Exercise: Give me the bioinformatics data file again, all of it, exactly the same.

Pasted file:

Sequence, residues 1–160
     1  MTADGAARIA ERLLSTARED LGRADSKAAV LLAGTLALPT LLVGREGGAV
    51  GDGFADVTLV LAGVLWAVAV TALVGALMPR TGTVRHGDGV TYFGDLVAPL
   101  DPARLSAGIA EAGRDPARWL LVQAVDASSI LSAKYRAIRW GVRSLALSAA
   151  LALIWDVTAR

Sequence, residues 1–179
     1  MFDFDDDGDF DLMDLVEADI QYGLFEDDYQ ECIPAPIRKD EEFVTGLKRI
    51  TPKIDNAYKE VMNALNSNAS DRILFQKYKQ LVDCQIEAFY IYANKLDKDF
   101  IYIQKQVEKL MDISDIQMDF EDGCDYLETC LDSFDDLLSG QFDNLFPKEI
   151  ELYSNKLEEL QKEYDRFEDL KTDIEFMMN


Sequence, residues 1–160
     1  MTADGAARIA ERLLSTARED LGRADSKAAV LLAGTLALPT LLVGREGGAV
    51  GDGFADVTLV LAGVLWAVAV TALVGALMPR TGTVRHGDGV TYFGDLVAPL
   101  DPARLSAGIA EAGRDPARWL LVQAVDASSI LSAKYRAIRW GVRSLALSAA
   151  LALIWDVTAR

Sequence, residues 1–179
     1  MFDFDDDGDF DLMDLVEADI QYGLFEDDYQ ECIPAPIRKD EEFVTGLKRI
    51  TPKIDNAYKE VMNALNSNAS DRILFQKYKQ LVDCQIEAFY IYANKLDKDF
   101  IYIQKQVEKL MDISDIQMDF EDGCDYLETC LDSFDDLLSG QFDNLFPKEI
   151  ELYSNKLEEL QKEYDRFEDL KTDIEFMMN